The “Cool Bears”

One of the questions we get asked most frequently about our polar bears is: “Isn’t it too hot in San Diego to have polar bears?” This is a very legitimate question. There are quite a few things we do to make sure our three bears—Chinook, Kalluk and Tatqiq—are as comfortable as possible here in sunny and warm Southern California.

Our polar bear exhibit is designed to represent what the bears’ Arctic home looks like during the summer months. In many areas of polar bear habitat, the sea ice naturally recedes completely over the summer. During this time, polar bears can spend up to four months without eating, as they rely on the sea ice as a hunting platform to catch food. Without ice, they can’t hunt much and they basically fast throughout the summer.

A typical tundra scene in October in the polar bears’ native habitat.

One of the biggest factors in how our bears thrive here in San Diego has to do with their diet. Up in the Arctic, a polar bear’s diet consists of one main food source: ringed seals. More specifically, when a bear catches a seal, it mainly eats just the fat off of its prey. This rich diet allows polar bears to build up a layer of fat (known as blubber) under their skin that can be up to four inches thick that insulates them against the brutally cold Arctic winters.

Obviously, our three bears don’t need much insulation here in San Diego. So we feed them foods with much fewer calories, which in turn lessens the amount of blubber they have on their bodies, allowing them to naturally stay cooler. The meat portion of their diet is made up of beef and smelt (a small type of fish), but a large portion of what they eat every day actually consists of fruits and veggies.

Snacks at the ready when she wakes from her nap. Keepers also put out palm fronds, which the bears enjoy chewing, rolling, and laying on.

This may sound strange, but these foods allow our bears to eat and feel full, without gaining a lot of extra weight. Carrots, yams, grapes, melons, and romaine lettuce (a particular favorite of Kalluk) are all part of the food we offer them daily.

Kalluk loves lettuce!

There are lots of other ways for Chinook, Kalluk, and Tatqiq to stay cool. Large shade structures in their home provide lots of shady areas. However, you may often see a bear lying in the sun, even when it’s warm outside. Tatqiq is a big fan of the sun and can often be seen sleeping out on exhibit in the full sunshine. Sometimes, if her snoozing spot becomes shady, she’ll even move to be in the sun.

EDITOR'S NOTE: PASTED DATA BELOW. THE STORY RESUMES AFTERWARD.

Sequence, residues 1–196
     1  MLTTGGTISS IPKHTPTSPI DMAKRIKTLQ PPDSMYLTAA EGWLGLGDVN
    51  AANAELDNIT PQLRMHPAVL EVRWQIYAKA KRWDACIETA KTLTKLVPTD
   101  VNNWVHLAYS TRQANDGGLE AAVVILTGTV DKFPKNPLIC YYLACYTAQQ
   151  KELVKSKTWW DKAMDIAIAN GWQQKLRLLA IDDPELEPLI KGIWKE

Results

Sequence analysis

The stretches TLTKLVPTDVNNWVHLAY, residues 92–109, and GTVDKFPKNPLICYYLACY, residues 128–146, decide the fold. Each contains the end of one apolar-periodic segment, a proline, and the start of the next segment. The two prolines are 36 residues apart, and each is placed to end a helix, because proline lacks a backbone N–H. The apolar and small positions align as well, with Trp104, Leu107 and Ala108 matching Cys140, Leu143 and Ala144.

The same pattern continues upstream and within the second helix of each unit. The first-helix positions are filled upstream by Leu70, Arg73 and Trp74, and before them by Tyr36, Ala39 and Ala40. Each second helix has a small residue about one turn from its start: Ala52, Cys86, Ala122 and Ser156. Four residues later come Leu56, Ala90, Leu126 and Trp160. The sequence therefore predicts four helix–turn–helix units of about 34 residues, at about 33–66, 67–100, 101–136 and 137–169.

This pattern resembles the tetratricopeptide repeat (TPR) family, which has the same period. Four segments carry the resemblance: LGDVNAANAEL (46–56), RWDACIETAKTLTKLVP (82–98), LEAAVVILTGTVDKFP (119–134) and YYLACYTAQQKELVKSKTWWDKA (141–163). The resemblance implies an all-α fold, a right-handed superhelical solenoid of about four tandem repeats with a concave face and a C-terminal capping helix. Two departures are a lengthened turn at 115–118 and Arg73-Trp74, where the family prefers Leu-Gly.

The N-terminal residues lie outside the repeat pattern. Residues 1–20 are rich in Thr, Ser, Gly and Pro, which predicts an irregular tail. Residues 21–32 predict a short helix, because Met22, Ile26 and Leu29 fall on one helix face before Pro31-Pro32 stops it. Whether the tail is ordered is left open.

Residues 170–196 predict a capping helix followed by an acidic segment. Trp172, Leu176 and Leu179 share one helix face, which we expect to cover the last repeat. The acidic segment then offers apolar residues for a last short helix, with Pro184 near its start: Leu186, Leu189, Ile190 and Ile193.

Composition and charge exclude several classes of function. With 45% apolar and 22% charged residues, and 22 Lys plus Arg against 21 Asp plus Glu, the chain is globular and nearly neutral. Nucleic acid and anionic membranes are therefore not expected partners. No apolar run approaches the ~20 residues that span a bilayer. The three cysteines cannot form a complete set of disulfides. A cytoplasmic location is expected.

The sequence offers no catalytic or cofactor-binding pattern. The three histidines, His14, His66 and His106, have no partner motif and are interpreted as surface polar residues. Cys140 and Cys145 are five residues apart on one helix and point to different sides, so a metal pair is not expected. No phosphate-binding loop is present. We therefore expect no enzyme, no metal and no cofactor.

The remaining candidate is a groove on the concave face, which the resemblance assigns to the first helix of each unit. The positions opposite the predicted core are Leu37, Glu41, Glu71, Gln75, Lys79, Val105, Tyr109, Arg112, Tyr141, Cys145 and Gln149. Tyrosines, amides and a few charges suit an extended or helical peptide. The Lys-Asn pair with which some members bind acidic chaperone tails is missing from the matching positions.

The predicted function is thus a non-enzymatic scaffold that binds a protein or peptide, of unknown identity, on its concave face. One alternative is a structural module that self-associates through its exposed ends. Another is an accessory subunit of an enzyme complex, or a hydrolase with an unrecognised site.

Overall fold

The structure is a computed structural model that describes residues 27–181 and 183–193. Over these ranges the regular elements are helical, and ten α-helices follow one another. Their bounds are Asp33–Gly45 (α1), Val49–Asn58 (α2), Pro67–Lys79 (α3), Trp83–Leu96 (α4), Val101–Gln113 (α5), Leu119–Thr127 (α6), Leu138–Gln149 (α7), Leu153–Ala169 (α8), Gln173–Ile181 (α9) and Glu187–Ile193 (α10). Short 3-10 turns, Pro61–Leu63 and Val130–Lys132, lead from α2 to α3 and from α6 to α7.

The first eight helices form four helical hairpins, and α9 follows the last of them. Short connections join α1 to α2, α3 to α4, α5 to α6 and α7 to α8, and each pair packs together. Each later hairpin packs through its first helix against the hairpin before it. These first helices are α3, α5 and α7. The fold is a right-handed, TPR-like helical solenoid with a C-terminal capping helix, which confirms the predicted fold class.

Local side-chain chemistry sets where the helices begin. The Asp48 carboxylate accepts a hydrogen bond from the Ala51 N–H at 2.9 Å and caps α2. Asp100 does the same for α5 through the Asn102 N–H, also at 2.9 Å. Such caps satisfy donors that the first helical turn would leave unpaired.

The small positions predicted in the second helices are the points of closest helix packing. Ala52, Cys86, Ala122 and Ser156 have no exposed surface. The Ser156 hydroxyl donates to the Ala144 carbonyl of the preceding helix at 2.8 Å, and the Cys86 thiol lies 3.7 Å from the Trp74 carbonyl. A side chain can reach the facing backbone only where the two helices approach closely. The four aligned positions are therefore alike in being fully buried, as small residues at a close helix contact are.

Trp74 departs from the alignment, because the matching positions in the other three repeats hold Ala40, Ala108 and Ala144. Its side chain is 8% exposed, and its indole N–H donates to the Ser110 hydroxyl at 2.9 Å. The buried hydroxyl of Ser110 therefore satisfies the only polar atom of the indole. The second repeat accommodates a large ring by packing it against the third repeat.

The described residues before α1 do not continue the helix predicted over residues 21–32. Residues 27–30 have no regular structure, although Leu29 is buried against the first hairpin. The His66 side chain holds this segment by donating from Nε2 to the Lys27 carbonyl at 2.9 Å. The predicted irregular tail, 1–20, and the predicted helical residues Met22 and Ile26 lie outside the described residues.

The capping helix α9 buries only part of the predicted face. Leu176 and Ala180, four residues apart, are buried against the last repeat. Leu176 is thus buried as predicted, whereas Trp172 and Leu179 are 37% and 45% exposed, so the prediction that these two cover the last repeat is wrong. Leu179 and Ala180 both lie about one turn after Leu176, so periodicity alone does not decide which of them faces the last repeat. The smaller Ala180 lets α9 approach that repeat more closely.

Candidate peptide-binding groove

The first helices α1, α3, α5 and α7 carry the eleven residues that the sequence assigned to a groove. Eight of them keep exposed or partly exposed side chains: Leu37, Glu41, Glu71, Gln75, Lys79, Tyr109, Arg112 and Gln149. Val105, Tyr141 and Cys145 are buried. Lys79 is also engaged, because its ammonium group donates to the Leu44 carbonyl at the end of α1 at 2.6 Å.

The bears have plenty of shade options. (Note: the dark patch on this bear’s forearm is where the fur was shaved for a vet check—blood draw, etc. Polar bear skin is black.)

Sometimes, on warmer days, the bears just hang out in the pool, relaxing and cooling off.

We all know the feeling!

The water in the bears’ large, 130,000-gallon pool runs through a chiller to keep the temperature at a brisk 55 to 60 degrees Fahrenheit. We also give them the option of coming into their air-conditioned holding area whenever they want. Kalluk and Chinook are big fans of enjoying an afternoon nap directly under the A/C vent whenever the outside temperatures rise above 75 degrees Fahrenheit.

We also provide the bears with icy treats like “fishsicles” and peanut butter popsicles. And thanks to the generosity of some amazing donors, our polar bears have access to snow 365 days per year!

Snow is a regular treat, thanks to machines gifted by generous donors.

Two snow machines drop snow directly into the rear portion of the exhibit, allowing them to engage in many typical polar bear behaviors: rolling, sliding, or simply lounging in a large snow pile.

Enjoying. Every. Minute!

Providing our polar bears with the ability to express natural behavior is our ultimate goal. Be sure to stop by Polar Bear Plunge, or watch the bears on our live-streaming Polar Cam to see the range of daily experiences we provide to ensure they have the best welfare possible.

Becky Wolf is a senior keeper at the San Diego Zoo.